5 tips for… Learning Environments

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The fifth blog post in the Practices series looks at Learning Environments. Here are 5 tips to help with this practice …

  1. Conduct an audit on your environment: When was the last time you actively assessed your environment? It is important to be connected to your environment and assess how useful it is in engaging children, demonstrating compliance and providing evidence of learning. All of the the points below will highlight some of the ways in which you can audit your learning environment and work out if it is achieving what you hope it will.
  2. Value your environment as a member of the teaching team: Your environment plays such a big role in how the children engage with learning and the curriculum that it is like an extra member of the team. Too many resources in the environment can be overstimulating or restrict children’s creativity. Too few resources to share or a lack of variety can cause boredom and acting out. It is important to see how the children engage with the environment, both inside and outside, and see whether it is in a productive and purposeful way. I once didn’t set up outside, no equipment other than the physical areas that were there already (sandpit, bark pit, trees, garden beds, hill, veranda), as a way to reflect on how the children were able to a) use the environment and b) resource their own learning. It was an experiment and through it we learnt that the children were far more engaged (after the first 10 minutes or so) in what they chose to do than they ever were with the equipment and resources we provided them to choose from. This taught us to value and respect children’s abilities to resource their own learning and not to feel like we needed to offer them resources and set tasks to keep them occupied. It also meant we changed the way we set up to keep some areas open and free for real choice and agency, instead of allowing the children to choose only between the activities that we had selected for them.
  3. Use critical reflection to connect with the environment: Critically reflecting on any aspect of the service or organisation will allow you to be better connected to it. Here are some areas you may like to use as a basis for reflection:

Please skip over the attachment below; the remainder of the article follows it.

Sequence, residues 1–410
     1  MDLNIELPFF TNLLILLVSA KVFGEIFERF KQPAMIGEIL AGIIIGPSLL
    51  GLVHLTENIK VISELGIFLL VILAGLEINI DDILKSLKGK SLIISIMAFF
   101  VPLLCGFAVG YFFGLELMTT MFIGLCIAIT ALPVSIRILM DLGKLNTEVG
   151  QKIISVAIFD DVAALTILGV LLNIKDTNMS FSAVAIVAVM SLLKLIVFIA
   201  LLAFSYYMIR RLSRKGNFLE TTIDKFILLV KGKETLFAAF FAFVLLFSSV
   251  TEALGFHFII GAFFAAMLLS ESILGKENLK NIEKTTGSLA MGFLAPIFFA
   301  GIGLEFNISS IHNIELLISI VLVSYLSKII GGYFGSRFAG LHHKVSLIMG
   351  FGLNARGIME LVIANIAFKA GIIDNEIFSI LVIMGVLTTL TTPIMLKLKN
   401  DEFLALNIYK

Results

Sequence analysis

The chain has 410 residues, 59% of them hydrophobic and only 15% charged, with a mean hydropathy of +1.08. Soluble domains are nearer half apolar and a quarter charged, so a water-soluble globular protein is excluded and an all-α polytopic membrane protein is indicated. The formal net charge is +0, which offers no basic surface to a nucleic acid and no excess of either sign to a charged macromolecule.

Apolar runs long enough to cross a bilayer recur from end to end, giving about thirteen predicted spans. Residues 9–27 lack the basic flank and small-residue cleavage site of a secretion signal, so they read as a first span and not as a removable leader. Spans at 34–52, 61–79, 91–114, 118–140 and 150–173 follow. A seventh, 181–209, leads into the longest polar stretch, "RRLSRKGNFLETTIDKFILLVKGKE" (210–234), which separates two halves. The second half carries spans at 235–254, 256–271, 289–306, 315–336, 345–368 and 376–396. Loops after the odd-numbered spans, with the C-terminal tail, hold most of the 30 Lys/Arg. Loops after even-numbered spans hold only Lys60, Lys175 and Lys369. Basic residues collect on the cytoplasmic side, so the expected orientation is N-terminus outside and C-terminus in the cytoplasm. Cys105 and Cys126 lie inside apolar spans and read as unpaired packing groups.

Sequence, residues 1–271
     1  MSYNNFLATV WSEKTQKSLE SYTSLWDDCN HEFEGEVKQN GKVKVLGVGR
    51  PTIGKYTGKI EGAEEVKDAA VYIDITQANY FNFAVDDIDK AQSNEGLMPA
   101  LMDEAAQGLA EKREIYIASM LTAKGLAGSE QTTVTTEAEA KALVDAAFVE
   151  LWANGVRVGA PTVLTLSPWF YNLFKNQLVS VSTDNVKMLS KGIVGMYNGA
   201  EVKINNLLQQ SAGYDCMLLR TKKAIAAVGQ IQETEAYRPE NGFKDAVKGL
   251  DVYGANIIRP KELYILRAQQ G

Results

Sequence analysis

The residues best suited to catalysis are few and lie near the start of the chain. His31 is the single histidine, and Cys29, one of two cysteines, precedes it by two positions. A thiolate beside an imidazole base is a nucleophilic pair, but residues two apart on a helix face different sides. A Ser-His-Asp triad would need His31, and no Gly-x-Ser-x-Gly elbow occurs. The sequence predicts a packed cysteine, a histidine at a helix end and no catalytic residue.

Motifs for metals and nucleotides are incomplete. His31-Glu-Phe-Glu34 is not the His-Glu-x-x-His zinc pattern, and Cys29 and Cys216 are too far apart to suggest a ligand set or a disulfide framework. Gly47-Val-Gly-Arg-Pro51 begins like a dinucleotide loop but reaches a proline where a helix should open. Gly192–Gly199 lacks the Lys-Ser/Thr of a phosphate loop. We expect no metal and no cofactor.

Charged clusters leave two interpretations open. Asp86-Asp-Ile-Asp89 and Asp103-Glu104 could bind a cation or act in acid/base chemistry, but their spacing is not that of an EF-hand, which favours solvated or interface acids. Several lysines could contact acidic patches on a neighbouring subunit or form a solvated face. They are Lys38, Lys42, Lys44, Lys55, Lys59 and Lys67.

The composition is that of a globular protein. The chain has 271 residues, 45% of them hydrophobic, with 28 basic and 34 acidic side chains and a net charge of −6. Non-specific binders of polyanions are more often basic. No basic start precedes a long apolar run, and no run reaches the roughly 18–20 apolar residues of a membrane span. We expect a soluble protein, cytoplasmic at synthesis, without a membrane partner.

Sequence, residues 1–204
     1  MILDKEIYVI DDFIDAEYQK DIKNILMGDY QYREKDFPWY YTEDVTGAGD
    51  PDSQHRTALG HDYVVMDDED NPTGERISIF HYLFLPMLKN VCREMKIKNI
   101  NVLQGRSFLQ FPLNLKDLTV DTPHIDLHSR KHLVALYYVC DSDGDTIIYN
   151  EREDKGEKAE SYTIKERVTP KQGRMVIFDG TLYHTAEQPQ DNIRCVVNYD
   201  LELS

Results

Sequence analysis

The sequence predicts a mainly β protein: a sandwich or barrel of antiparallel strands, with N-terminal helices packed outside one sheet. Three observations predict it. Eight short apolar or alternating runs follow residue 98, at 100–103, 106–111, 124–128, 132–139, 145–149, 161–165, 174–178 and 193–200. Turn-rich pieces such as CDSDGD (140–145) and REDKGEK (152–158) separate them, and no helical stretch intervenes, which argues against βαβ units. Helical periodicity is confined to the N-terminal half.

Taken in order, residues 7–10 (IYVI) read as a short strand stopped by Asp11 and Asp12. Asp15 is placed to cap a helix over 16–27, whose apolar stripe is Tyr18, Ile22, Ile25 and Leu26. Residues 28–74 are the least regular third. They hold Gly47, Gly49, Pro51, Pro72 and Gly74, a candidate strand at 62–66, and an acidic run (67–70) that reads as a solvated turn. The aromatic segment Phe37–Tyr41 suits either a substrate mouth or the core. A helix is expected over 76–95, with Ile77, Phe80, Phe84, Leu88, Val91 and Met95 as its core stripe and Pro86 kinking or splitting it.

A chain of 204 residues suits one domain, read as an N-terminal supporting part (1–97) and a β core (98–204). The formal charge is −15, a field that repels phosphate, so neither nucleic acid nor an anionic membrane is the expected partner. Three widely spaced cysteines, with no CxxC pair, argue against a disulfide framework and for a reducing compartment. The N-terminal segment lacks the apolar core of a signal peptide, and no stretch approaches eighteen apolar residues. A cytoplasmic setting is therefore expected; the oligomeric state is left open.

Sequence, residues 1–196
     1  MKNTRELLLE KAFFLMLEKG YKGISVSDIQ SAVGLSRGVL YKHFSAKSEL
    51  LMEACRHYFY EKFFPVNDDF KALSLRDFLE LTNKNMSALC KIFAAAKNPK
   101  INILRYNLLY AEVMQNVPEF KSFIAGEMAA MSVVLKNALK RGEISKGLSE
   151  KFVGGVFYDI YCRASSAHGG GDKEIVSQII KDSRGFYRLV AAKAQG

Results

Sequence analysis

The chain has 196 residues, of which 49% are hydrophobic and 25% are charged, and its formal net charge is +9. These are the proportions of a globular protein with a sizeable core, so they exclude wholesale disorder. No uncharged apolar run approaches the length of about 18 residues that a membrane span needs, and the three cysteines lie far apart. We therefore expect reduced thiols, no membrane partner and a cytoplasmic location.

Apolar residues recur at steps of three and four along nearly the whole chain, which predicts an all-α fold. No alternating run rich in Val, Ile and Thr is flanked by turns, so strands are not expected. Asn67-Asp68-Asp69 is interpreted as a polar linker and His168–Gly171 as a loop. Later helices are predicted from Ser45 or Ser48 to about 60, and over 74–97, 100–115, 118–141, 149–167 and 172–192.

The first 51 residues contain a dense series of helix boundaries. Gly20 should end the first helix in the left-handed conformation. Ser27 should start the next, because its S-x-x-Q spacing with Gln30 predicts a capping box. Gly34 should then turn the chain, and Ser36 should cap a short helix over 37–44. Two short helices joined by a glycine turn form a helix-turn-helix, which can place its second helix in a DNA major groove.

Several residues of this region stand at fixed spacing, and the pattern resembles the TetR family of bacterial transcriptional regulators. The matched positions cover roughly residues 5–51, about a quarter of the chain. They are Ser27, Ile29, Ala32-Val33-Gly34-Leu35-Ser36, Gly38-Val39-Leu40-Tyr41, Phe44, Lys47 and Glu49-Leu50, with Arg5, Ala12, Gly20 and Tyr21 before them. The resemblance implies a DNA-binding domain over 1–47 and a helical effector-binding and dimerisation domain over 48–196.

• What message does your environment send to children/families/educators?
    • Who gets to make choices in your environment?
    • Does inside or outside get more attention? why?
    • Do you equate a busy environment with busy children or do you provide spaces with minimal resources for children to create their own learning opportunities?
    • How inclusive is your environment? (does it support children with additional needs? sensory issues? physical disabilities/illness that may cause children to be tired? are different cultures reflected in safe and respectful ways?)
    • Are all displays current and able to communicate holistic compliance?
  4. Use your environment to reflect your context: Every service is operating within its own context and and as such this should be reflected in the environment. Decisions made in the service should be made based on the needs and values of the local community and area, not feel like the service could be anywhere in the world. A service should feel like money is reinvested into the service in meaningful and valuable ways so there might be an additional educator, more qualified staff, project based work for the children with a regular visitor, excursions to places rich in learning potential, redesigning spaces to support children’s engagement and opportunities, instead of having the newest and best of every resource and piece of technology. A service in the bush should have an outside environment that reflects the space the children will be used to playing in and feel most at home in, such as grass, open spaces, natural resources, creek beds etc. Versus a service in the city where children all live in apartments and may not have access to yards and gross motor challenges that are present in suburban houses and may need more obstacle courses etc to challenge and support children’s development.
  5. Avoid a tick box approach to compliance evidence: There are ways to demonstrate compliance that are value laden, holistic, meaningful and child/family focused, that rely on a deep and comprehensive understanding of the compliance requirements as well as best practice and early childhood theory. Then there are ways to demonstrate compliance that are about ticking boxes, a surface level approach to each compliance point where one thing achieve compliance for one thing. I can walk into a service and see/feel whether there has been thought and critical reflection put into place behind the decisions that are being made, or whether ideas have been replicated and ‘pinched’ because they look good or cute or tick an obvious box. A simple example of this is having a downloaded poster off the internet of children washing their hands in the bathroom and explaining how to wash hands, vs discussing with the children about hand washing and having them think of ways that can remind them to wash their hands. Perhaps they want to make their own posters – take photos of each other, print them out, cut them out, write the steps, maybe laminate them. All of which highlights the value of the children’s voice, child directed learning, promoting and valuing learning opportunities (such as problem solving, using technology, working together, developing fine motor skills etc), creating a sense of belonging in the environment because children can see themselves reflected in the displays, as well as promoting hygiene practices.


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